To this end, Smilde and Lowenthal compared the difficulty of transition from Chavista governance with the challenges faced by movements that resisted various dictatorships: Pinochet’s Chile, apartheid South Africa and Communist Poland. In reality, Chavismo’s opponents face less formidable challenges than third-party candidates in the US.
Faux Opposition to Mass Murder
WOLA’s defense of sanctions continued after the previously unknown head of Venezuela’s opposition-controlled parliament, Juan Guaidó, proclaimed himself “interim president” of the country on January 23, 2019, with Washington’s blessing.
Speaking to CNBC (1/24/19), Ramsey argued against a US oil embargo, on the grounds that the existing sanctions afforded necessary “pressure” on Maduro:
There already are a series of important sanctions against Venezuela. The US has leveled strong financial sanctions that restrict the government’s ability to get access to new debt…. I don’t think there’s any shortage of pressure. What we need is engagement.
In addition to continuing to back the sanctions, WOLA refused to call out Guaidó’s self-swearing in as a coup attempt, even though it triggered a de facto trade embargo, given that the US and its allies no longer recognized the Maduro government’s right to invoice Venezuelan oil exports.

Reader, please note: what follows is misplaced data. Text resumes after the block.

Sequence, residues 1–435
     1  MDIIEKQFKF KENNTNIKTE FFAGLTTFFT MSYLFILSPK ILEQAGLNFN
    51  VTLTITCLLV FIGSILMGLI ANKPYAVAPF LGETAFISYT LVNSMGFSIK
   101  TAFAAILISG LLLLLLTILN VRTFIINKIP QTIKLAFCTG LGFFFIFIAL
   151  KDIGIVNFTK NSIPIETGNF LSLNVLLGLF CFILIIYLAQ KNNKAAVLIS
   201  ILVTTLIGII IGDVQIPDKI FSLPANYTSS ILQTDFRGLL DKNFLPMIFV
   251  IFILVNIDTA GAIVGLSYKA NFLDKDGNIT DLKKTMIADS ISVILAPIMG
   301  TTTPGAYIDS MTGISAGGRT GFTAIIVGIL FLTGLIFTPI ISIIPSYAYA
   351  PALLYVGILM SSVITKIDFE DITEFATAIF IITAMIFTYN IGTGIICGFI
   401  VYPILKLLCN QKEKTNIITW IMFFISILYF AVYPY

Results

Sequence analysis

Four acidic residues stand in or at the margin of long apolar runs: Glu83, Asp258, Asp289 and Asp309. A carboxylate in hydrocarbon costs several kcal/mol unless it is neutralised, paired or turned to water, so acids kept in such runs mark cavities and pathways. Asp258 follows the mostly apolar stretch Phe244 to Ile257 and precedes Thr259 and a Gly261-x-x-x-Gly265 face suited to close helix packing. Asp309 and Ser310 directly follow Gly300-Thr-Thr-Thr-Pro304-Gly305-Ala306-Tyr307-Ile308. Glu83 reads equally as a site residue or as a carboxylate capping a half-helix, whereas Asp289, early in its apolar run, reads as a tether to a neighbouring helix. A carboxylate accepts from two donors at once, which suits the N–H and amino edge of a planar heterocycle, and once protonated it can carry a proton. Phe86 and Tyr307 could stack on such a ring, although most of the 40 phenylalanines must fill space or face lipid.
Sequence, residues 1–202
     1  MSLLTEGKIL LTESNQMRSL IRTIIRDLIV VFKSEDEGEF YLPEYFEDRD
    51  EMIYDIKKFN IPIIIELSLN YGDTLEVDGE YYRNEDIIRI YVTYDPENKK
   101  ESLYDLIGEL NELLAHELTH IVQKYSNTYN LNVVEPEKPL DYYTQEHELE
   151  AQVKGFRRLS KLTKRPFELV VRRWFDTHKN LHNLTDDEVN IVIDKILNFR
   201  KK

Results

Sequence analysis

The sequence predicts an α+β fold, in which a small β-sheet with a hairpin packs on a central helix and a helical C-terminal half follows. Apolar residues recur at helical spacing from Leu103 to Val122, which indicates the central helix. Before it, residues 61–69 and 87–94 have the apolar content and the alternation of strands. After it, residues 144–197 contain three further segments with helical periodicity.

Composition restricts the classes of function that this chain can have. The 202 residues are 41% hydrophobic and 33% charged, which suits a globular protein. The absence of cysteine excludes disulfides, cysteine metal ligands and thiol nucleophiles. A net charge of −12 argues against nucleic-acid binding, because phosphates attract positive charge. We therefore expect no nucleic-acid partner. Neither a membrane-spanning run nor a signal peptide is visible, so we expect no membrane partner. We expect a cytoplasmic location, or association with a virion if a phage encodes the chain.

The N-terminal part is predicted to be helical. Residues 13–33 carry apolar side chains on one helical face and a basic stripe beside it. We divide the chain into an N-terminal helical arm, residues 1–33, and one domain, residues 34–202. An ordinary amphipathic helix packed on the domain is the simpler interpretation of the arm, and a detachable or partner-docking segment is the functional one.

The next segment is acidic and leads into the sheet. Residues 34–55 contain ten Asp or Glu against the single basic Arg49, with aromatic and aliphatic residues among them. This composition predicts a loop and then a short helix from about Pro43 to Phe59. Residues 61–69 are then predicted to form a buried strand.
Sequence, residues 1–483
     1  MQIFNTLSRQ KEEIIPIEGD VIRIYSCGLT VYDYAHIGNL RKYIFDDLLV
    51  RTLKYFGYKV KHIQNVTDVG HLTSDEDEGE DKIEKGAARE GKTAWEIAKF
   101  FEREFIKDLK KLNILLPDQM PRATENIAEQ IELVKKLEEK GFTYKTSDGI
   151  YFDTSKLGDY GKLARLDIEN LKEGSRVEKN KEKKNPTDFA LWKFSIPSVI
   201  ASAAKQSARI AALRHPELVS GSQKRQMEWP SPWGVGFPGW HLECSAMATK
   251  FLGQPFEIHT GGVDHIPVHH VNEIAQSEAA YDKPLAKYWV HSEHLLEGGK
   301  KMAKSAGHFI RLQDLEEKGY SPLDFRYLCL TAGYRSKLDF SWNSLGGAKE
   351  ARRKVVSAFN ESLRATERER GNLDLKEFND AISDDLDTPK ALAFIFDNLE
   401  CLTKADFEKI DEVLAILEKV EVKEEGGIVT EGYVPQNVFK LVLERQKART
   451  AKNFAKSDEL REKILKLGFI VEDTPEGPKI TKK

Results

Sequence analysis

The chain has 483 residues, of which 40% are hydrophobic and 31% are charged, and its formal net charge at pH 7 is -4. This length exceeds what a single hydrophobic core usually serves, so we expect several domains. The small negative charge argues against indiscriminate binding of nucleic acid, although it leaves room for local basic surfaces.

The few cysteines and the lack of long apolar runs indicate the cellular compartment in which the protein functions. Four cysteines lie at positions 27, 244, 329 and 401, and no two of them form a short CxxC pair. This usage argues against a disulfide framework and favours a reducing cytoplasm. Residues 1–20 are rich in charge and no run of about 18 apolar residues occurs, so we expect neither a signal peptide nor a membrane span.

Rather, Smilde told Democracy Now! (2/5/19) that “it’s a plausible interpretation that if there’s…not a legitimate president, it will be the National Assembly president that steps in as interim president.” He did raise concern about the US recognition of Guaidó creating “a real difficulty in Venezuela in terms of the lack of funds coming in,” but at no point did he condemn it as a coup.
WOLA released a statement criticizing the oil embargo that the Trump administration formalized on January 28, though it stopped short of calling for the illegal measure to be unconditionally rescinded.
Despite acknowledging that “sanctions have punished and weakened populations” in Zimbabwe, Syria and North Korea, the think tank merely suggested that the new measures should be lifted “if there is no way for the human cost of these oil sanctions to be avoided.” WOLA made no mention of the previous financial sanctions exacerbating “the severe hardships and suffering” that they decried.